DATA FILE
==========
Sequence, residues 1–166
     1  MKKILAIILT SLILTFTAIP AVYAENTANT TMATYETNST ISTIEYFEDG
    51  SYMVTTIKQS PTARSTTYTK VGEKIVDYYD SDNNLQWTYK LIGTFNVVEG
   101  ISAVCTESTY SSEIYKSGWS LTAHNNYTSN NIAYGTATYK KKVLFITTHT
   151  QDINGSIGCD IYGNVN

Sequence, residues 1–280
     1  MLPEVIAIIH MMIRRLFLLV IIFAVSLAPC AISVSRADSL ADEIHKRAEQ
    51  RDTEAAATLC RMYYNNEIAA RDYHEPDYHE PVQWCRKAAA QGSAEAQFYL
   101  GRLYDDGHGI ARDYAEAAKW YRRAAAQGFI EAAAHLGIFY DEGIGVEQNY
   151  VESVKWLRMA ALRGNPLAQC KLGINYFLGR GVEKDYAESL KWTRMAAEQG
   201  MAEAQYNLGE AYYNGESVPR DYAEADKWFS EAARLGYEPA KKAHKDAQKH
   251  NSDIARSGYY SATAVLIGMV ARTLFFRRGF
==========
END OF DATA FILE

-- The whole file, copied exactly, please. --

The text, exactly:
Sequence, residues 1–166
     1  MKKILAIILT SLILTFTAIP AVYAENTANT TMATYETNST ISTIEYFEDG
    51  SYMVTTIKQS PTARSTTYTK VGEKIVDYYD SDNNLQWTYK LIGTFNVVEG
   101  ISAVCTESTY SSEIYKSGWS LTAHNNYTSN NIAYGTATYK KKVLFITTHT
   151  QDINGSIGCD IYGNVN

Sequence, residues 1–280
     1  MLPEVIAIIH MMIRRLFLLV IIFAVSLAPC AISVSRADSL ADEIHKRAEQ
    51  RDTEAAATLC RMYYNNEIAA RDYHEPDYHE PVQWCRKAAA QGSAEAQFYL
   101  GRLYDDGHGI ARDYAEAAKW YRRAAAQGFI EAAAHLGIFY DEGIGVEQNY
   151  VESVKWLRMA ALRGNPLAQC KLGINYFLGR GVEKDYAESL KWTRMAAEQG
   201  MAEAQYNLGE AYYNGESVPR DYAEADKWFS EAARLGYEPA KKAHKDAQKH
   251  NSDIARSGYY SATAVLIGMV ARTLFFRRGF